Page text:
The productivity conundrum

In: Uncategorized

29 Oct 2012

This Perspective column was first published in Monday’s edition of Fund Strategy. It was written before the publication of the latest GDP figures although these do not change the substance of the argument.

Something weird seems to be happening to the economy and, despite having important implications, only a few geeky economists appear to have noticed. Productivity – the average amount produced by each employee in an hour – has apparently fallen just when you would expect it to rise.

For those who do not spend several hours a day thinking about economics a sports analogy should help explain why this is so odd. Imagine a troubled cricket team that decides to get rid of some of its weakest players. The batting and bowling averages for the team would be expected to improve simply as a result of removing the laggards.

This effect is of course simply mathematical. Just getting rid of weak players does not in itself create a stronger team. But it does make the team figures look better.

A similar process would be expected to happen in a recession. Say that the weakest firms are shut down in a time of economic difficulties. Under those circumstances the productivity figures would be expected to improve even if nothing else changed in the economy.

Of course the hope would be that the stronger firms would reorganise themselves and invest in new technology. That would then create the basis for an economic recovery.

Only Britain’s productivity levels seem to be roughly where they were when the recession first hit in 2008. Output is still about 4% down from its peak while many new jobs – money of them part-time – have been created.

Indeed David Cameron did what you would expect any politician to do with such statistics during his recent speech at the Conservative party conference. He pointed out that over one millision jobs have been created in the private sector since his government took office in 2010. Naturally he failed to draw out what this means for productivity.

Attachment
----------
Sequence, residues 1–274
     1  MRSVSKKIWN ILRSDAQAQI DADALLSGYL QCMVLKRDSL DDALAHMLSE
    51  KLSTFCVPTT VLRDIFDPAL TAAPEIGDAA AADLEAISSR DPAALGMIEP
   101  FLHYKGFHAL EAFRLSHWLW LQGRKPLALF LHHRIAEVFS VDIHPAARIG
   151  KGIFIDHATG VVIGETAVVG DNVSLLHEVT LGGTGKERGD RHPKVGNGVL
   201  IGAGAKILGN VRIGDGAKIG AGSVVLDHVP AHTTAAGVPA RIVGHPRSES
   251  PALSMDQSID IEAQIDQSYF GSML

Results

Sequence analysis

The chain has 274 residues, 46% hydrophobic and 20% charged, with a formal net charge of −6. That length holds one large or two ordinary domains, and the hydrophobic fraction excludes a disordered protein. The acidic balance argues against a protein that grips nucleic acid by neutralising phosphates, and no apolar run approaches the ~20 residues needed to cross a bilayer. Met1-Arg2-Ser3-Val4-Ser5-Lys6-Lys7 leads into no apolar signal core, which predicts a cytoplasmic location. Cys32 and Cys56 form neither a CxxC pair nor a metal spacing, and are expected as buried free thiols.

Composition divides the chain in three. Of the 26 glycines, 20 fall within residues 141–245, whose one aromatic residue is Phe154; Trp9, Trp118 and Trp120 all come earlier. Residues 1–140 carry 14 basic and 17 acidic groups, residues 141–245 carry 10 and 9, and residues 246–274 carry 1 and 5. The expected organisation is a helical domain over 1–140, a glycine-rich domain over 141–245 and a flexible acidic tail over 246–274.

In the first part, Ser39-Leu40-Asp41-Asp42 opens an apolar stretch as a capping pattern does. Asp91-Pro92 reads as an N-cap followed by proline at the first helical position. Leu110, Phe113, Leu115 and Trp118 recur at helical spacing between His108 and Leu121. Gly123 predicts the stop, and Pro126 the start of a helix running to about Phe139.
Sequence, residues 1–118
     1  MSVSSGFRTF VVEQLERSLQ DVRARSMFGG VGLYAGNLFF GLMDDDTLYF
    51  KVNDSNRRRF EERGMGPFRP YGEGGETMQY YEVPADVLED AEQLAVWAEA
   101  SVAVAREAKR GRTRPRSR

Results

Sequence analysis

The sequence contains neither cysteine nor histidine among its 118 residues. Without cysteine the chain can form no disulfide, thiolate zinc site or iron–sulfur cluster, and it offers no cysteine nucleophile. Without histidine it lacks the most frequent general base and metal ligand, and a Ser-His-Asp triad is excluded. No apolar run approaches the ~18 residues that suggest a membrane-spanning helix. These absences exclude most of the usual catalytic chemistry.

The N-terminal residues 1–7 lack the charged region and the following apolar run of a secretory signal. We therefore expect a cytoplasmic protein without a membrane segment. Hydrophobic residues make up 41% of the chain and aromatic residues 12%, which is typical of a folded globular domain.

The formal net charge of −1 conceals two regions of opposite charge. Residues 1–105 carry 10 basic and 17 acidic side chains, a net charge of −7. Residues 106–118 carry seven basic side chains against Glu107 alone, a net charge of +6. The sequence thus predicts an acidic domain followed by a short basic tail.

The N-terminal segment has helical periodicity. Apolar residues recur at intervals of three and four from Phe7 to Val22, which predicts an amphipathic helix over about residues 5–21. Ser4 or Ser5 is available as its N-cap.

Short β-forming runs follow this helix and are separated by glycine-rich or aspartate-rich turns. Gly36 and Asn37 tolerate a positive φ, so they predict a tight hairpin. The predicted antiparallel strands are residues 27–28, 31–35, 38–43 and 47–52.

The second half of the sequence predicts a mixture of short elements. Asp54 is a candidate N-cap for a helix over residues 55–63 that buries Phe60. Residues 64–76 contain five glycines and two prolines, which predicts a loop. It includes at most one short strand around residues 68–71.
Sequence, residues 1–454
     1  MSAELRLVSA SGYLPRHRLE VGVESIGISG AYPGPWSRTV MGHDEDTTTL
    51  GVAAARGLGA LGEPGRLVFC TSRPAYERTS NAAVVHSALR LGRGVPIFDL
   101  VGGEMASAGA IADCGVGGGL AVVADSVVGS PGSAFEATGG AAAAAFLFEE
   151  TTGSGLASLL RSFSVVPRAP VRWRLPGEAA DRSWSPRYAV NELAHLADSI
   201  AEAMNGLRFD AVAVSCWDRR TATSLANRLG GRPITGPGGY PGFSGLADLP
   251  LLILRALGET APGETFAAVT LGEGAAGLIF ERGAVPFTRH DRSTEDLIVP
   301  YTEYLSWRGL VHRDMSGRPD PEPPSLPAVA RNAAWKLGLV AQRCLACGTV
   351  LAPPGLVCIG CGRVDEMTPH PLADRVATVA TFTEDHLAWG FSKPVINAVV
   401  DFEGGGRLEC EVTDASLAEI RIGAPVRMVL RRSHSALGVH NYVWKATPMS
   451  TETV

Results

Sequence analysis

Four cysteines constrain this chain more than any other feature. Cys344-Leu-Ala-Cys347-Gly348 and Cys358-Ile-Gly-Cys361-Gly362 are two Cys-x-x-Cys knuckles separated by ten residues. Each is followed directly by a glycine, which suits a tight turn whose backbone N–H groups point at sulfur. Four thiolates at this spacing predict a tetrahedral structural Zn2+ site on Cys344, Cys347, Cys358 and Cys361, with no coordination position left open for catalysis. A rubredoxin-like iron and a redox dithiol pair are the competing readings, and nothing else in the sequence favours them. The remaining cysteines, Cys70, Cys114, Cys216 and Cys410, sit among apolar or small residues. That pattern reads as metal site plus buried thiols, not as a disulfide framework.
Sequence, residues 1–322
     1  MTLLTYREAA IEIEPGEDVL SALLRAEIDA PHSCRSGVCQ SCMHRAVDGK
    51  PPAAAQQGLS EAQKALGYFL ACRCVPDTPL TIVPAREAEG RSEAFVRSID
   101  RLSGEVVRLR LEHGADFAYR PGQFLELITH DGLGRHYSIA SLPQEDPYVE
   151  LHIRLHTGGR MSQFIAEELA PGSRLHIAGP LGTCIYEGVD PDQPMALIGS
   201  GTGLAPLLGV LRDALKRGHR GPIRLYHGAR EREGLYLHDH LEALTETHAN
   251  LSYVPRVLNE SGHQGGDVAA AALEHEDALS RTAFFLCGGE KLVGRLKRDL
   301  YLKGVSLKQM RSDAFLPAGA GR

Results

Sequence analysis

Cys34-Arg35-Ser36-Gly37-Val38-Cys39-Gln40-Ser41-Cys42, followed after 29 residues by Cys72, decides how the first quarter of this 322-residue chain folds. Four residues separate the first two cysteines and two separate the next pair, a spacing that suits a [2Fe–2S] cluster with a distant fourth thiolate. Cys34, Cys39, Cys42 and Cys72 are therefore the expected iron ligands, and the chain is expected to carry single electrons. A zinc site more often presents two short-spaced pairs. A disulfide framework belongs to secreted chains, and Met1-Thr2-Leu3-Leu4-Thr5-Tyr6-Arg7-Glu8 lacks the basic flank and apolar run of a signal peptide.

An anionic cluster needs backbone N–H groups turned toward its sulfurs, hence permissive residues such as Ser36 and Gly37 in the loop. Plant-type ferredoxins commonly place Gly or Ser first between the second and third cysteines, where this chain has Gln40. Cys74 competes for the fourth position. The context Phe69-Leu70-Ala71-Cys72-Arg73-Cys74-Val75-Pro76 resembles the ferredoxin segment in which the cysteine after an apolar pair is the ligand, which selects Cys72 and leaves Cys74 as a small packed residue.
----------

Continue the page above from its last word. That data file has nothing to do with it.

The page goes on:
It was Joe Grice, the chief economist of the Office for National Statistics, who brought what he called the “productivity conundrum” to the public’s attention in a paper* published in the summer. Ben Broadbent, an external member of the Bank of England’s monetary policy committee, has subsequently raised in it a speech** in August. Economist journalists such as Martin Wolf of the Financial Times and Stephanie Flanders of the BBC have discussed it too.

The most obvious explanation for the puzzle is that the data is simply wrong. Some have suggested, for instance, that the official figures underestimate the real level of GDP.

However, Grice argues this is unlikely. He says the GDP figures are based on a broad range of data and the results are confirmed by a lot of survey data. He also points to a similar trend in Germany and Italy.

Assuming the figures are right there are several possible explanations. One is that labour hoarding is going on. In other words firms are holding on to a lot of unproductive workers, rather than making them redundant, in the hope that there will be an upturn soon. That way they hope to avoid the cost of recruiting and training new staff.

The fact that corporate cash flow has remained strong during the recession has made it easier for firms to hold on to workers. Companies are under less immediate financial pressure to get rid of existing workers.

Another explanation of the productivity puzzle is that employers are replacing machines with workers. Since the cost of capital is high at present it is often cheaper to get individual employees to do tasks that machines would previously have done.

A final possibility raised by Broadbent is that of a capital mismatch. Capital has struggled to move from sectors of the economy hit badly by the economy to relatively stronger areas. In contrast, labour has proved relatively mobile.

Of course these different factors are not mutually exclusive. It could be that the productivity puzzle is the result of a combination of factors along with some statistical mis-measurement.

However, it seems to me likely that something more fundamental is going on. The economy is simply not being restructured on a significant scale.

From this perspective a recession should be like a healing process: although it is painful for many it creates the basis for a new round of growth. This is a process Joseph Schumpeter, one of the leading economists of the early twentieth century, called “creative destruction” (“Economic debate is missing a beat” Fund Strategy, 14 November 2011).

To go back to the cricket analogy the recovery process is roughly akin to a team improving its existing players and bringing on board new ones. That way it can become genuinely stronger rather than simply having higher statistical averages.

The fact that productivity does not appear to be improving, even during such a protracted economic downturn, is a deeply worrying sign.


* Joe Grice “The productivity conundrum, interpreting the recent behaviour of the economy”. Office for National Statistics. 24 August 2012.

** Ben Broadbent “Productivity and the allocation of resources”. Speech at Durham Business School. 12 September 12, 2012.